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The rattlesnake, a uniquely American reptile, was first used as a symbol by Benjamin Franklin, in 1751, in a satirical editorial in the Pennsylvania Gazette. Franklin suggested the colonies thank Britain for sending their convicted criminals to America by sending the British rattlesnakes. The sectioned snake, representing the 13 colonies, was also seen in Paul Revere’s newspaper, Massachusetts Spy, fighting an English dragon, in 1774.

By 1775, Franklin stood behind the rattlesnake as a good symbol for the American Spirit, publishing an essay in the Pennsylvania Journal, and stating:

“I recollected that her eye excelled in brightness, that of any other animal, and that she has no eye-lids—She may therefore be esteemed an emblem of vigilance.—She never begins an attack, nor, when once engaged, ever surrenders: She is therefore an emblem of magnanimity and true courage.—As if anxious to prevent all pretensions of quarreling with her, the weapons with which nature has furnished her, she conceals in the roof of her mouth, so that, to those who are unacquainted with her, she appears to be a most defenseless animal; and even when those weapons are shewn and extended for her defense, they appear weak and contemptible; but their wounds however small, are decisive and fatal:—Conscious of this, she never wounds till she has generously given notice, even to her enemy, and cautioned him against the danger of stepping on her.—Was I wrong, Sir, in thinking this a strong picture of the temper and conduct of America?”

It is, however, another sectioned snake, that offers the most insight into the minds of our forefathers. In this instance, the rattles represent the 12 values, and the sections of the snake represent the 9 principles, not the 13 colonies.

The Twelve Values are:

  1. Honesty,
  2. Reverence
  3. Hope
  4. Thrift
  5. Humility
  6. Charity
  7. Sincerity
  8. Moderation
  9. Hard work
  10. Courage
  11. Personal Responsibility, and
  12. Friendship.

The 9 principles are:

  1. America is good.
  2. I believe in God and He is the Center of my Life.
  3. I must always try to be a more honest person than I was yesterday.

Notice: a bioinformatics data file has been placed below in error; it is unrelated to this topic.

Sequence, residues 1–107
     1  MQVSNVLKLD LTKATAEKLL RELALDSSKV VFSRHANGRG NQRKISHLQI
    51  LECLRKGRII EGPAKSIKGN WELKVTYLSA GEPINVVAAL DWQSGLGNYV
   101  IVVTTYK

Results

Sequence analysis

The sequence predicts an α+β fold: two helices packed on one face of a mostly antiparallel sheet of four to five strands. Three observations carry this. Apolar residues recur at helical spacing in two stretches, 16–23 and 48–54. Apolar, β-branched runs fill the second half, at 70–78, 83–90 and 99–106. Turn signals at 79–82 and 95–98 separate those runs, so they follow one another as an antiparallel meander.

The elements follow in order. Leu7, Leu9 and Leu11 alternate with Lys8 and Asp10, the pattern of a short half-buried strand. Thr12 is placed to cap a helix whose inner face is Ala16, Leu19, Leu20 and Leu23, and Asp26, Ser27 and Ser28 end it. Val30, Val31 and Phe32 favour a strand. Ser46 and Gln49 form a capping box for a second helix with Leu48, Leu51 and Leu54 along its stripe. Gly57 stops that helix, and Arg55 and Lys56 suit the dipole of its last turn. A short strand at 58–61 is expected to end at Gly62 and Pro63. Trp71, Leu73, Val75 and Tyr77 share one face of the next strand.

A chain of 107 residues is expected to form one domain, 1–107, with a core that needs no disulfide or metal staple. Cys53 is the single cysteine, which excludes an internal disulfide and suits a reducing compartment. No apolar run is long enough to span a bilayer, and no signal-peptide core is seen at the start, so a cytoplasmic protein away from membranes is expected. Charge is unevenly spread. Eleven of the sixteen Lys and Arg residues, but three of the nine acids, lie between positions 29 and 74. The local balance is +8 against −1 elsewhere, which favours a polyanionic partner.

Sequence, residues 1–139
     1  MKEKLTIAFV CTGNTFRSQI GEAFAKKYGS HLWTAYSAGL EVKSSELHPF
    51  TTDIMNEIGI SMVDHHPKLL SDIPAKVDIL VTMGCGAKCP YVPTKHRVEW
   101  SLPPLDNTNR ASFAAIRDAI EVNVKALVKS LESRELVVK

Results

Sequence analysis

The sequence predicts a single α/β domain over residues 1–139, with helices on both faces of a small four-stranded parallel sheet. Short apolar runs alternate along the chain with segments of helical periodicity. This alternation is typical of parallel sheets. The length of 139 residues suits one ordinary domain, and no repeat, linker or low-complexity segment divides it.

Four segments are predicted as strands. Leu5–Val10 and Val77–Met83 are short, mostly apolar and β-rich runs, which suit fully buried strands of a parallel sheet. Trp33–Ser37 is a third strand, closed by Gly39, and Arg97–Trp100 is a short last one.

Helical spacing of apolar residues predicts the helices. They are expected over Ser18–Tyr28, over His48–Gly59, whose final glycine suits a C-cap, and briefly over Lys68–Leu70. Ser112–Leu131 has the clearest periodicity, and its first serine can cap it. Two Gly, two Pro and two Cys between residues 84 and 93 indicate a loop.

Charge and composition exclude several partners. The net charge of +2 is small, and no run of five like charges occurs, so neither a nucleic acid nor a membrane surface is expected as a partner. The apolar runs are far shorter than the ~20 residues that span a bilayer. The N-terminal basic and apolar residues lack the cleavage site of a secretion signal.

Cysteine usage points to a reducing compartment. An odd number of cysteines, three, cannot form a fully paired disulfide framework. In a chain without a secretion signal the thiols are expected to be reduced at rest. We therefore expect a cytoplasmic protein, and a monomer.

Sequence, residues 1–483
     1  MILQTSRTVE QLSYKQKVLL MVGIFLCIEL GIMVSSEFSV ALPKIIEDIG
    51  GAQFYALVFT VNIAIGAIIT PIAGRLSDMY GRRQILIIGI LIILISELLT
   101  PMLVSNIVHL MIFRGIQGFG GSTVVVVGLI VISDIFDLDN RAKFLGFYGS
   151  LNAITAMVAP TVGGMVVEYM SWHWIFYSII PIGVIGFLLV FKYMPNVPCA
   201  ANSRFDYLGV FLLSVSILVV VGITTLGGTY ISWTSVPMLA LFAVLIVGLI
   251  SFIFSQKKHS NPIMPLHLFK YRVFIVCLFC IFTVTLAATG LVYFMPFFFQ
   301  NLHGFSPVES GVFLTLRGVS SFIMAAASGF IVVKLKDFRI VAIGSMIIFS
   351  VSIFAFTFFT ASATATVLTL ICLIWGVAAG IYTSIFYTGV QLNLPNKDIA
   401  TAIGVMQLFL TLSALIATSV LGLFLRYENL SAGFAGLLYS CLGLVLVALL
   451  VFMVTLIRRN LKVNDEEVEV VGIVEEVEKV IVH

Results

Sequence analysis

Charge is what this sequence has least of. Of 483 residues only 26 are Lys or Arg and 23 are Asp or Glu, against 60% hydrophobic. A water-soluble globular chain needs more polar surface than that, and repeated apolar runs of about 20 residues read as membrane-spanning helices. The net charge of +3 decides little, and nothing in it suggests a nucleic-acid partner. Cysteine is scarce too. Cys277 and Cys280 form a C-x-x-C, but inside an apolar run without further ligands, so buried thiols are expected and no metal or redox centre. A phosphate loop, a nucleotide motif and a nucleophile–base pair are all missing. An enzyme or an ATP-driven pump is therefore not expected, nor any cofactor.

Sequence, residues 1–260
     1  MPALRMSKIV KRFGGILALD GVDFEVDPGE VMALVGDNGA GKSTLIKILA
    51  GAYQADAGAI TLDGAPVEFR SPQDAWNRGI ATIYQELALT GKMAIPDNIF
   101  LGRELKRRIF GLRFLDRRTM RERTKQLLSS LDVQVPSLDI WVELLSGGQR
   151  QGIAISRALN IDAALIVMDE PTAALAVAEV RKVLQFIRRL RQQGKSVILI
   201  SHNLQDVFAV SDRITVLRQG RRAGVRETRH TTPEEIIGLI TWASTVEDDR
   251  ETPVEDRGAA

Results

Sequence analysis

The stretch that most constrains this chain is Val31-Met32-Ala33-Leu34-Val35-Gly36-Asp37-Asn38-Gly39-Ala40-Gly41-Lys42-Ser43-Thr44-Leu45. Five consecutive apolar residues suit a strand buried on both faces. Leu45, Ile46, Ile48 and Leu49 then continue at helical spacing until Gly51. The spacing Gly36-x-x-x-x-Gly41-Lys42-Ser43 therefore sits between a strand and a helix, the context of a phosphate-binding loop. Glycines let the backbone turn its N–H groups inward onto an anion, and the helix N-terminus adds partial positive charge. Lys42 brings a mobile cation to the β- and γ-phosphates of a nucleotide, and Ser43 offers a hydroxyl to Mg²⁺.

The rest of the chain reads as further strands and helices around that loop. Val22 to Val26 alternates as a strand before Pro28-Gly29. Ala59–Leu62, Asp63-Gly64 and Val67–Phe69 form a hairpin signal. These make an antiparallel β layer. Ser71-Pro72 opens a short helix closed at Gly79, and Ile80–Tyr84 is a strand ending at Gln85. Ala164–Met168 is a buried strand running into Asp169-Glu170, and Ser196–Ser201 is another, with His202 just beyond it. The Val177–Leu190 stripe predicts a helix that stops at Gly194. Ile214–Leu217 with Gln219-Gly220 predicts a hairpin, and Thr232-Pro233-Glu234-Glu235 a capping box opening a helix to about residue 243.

4. The family is sacred. My spouse and I are the ultimate authority, not the government.
  5. If you break the law you pay the penalty. Justice is blind and no one is above it.
  6. I have a right to life, liberty, and pursuit of happiness, but there is no guarantee of equal results.
  7. I work hard for what I have and I will share it with who I want to. Government cannot force me to be charitable.
  8. It is not un-American for me to disagree with authority or to share my personal opinion.
  9. The government works for me. I do not answer to them, they answer to me.

This modern day interpretation was brought to us by the radio and television commentator, Glen Beck.  Beck reminds us that this flag represents the banner of Conservatism, the same calling our forefathers used to be brave and courageous and continue to fight against the government control, excessive taxation, the safety and wellbeing of their families and the right to work hard and thrive. Those were the very rights described in the Declaration of Independence when this great document stated “life, liberty and the pursuit of happiness“.

To fully understand how a fledgling group of colonies could defeat, Britain, the most powerful nation on earth, we need only to go back to the document’s title: “The Unanimous Declaration of the Thirteen United States of America.” It was unity and the values and principles stated above that created our great country. We must always remember that the enemies of freedom attack unity first. It is the uncivil discourse and divisiveness created by the “isms” (liberalism, socialism and communism) that all citizens must fear.

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